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Door to Nature: Canada ‘Juneflower’

Wildflowers are appearing throughout the Door County landscape now and one family is well represented. There are 18 species of plants in the lily family. All are recognized by the flowers being in parts of threes or sixes. All except one – the Canada mayflower.

The tender young leaves in spring are a favorite for the deer to nibble on and the small ruby red berries that form very close to the ground in summer are relished by white-footed mice, chipmunks and the ruffed grouse.

There are probably few places in Canada that this plant blooms in the May. Perhaps the only spot is in southern Ontario, which lies below the latitude of northeastern Wisconsin. As a matter of fact it rarely is in full bloom in Door County until early June.

This mature blossoming Canada mayflower has three leaves.

This beautiful little wildflower was first discovered and described in Canada and given the scientific name of Maianthemum canadense (may-AN-the-mum can-a-DEN-see). “Maius” is Latin for May and “anthemon” is Greek for a flower. Naturally “canadense” refers to Canada, so its common name of Canada mayflower is quite obvious, as is the likelihood that it was first botanically described in southern Ontario, where it should be flowering in late May.

A flower as widespread as this diminutive little member of the great lily family is bound to have several different common names, including bead ruby, foam flower, squirrel berry, heartleaf, two-leaved Solomon’s seal and false or wild lily of the valley. I ask those who insist on calling it the false lily of the valley if they would ever consider calling the lily of the valley the false Canada mayflower? I’m sure you get my point. Yes, I prefer to not include the word false in any plant names.

I’m fortunate to have many growing along the edge of the path through the woods to my old garden and western field. I can enjoy them and closely observe their progress every day of their growth. There they flourish freely with large-flowered trilliums, trout lilies, hepaticas, wood anemones, downy yellow and Canada violets, Solomon’s plumes, wild leeks and other species typical of the mixed hardwoods where the soil is moist and where there is partial shade.

What handsome, parallel-veined, shiny heart-shaped rich green leaves that clasp the flowering stems these ubiquitous perennial plants have. The abundant single leaves you see are too young to produce blossoms. They will have to grow another year or two before they develop two or three leaves and the small, white, foam like clusters of flowers grouped in what is referred to as a raceme (ra-SEEM), a stalked inflorescence in which stalked flowers are arranged singly along a common main axis.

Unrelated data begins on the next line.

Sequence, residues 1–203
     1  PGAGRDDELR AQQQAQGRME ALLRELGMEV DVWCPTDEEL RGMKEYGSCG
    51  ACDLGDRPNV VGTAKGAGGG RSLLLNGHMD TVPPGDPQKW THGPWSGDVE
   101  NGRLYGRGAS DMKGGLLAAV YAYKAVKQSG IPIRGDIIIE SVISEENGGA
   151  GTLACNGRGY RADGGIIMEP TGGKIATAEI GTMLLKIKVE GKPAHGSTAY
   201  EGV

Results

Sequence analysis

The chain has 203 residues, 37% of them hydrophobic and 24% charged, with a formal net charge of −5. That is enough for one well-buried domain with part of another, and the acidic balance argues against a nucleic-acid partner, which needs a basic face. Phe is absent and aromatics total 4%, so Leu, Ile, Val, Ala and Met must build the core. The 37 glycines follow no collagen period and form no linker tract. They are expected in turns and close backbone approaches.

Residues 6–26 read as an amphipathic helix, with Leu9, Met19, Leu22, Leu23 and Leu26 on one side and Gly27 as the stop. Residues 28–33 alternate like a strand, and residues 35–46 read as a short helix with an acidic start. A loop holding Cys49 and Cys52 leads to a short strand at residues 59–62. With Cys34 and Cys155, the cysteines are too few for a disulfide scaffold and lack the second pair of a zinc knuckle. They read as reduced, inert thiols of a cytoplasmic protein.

About the only other wildflower I can think of that could be confused with the Canada mayflower is the three-leaved Solomon’s seal. However, each blossom of this wildflower of very wet sites has six petals, compared with the four-parted structure of the Canada mayflower. What’s downright confusing is that both of these small, rather dainty wildflowers belong to the lily family.

This is one of the unique features of the Canada mayflower, a lily whose flowers are in parts of four. It has four stamens, two petals and two sepals that actually appear to be petals. One could say, for all practical purposes, that it does have four petals. At least that’s what they look like to me when I examine the individual one-eighth to one-quarter-inch blossoms using a ten-power magnifying hand lens.

A very close view of a single flower reveals the four parts rather than six of the typical lily family.

Here is a 4 to 6 inch wildflower that to be genuinely appreciated should be looked at face to face through a hand lens while you are comfortably lying on your belly or side. This to me is one of life’s little pleasures, especially when you own the woods and these plants and where you are privileged to walk, stand, sit, kneel or lie wherever you please!

One thing I think of now is to check for wood ticks or deer ticks after spending any time on the ground. We didn’t have to worry about that 40 years ago, but they are now a major part of the outdoor scene in Door County.

What you will want to be sure to do when you come upon a patch of these wildflowers in full bloom is to smell them. You are in for a surprise. It is said that a clone of these extensively creeping plants, spreading by underground rhizomes, may be 20 feet across and 60 years old.

Eventually red-speckled berries will form that change to pink or red and appear to be too large for the overall dainty frame of the plant. They are inedible by humans.

Rarely, if ever, will you see Canada mayflowers in bloom before all of the snow has melted. Spring has really settled in and you can even expect to have a few mosquitoes buzzing around your ears when you are enjoying the many fine virtues of these exquisite little “belly flowers.”

William Blake wrote some powerful thoughts in his “Auguries of Innocence” that you might wish to think about the next time you kneel down to enjoy a Canada mayflower:

“To see a world in a grain of sand,

And a heaven in a wild flower,

Hold infinity in the palm of your hand,

And eternity in an hour.”

So what’s your personal favorite sign of spring? I have several, one of which is the Canada mayflower!

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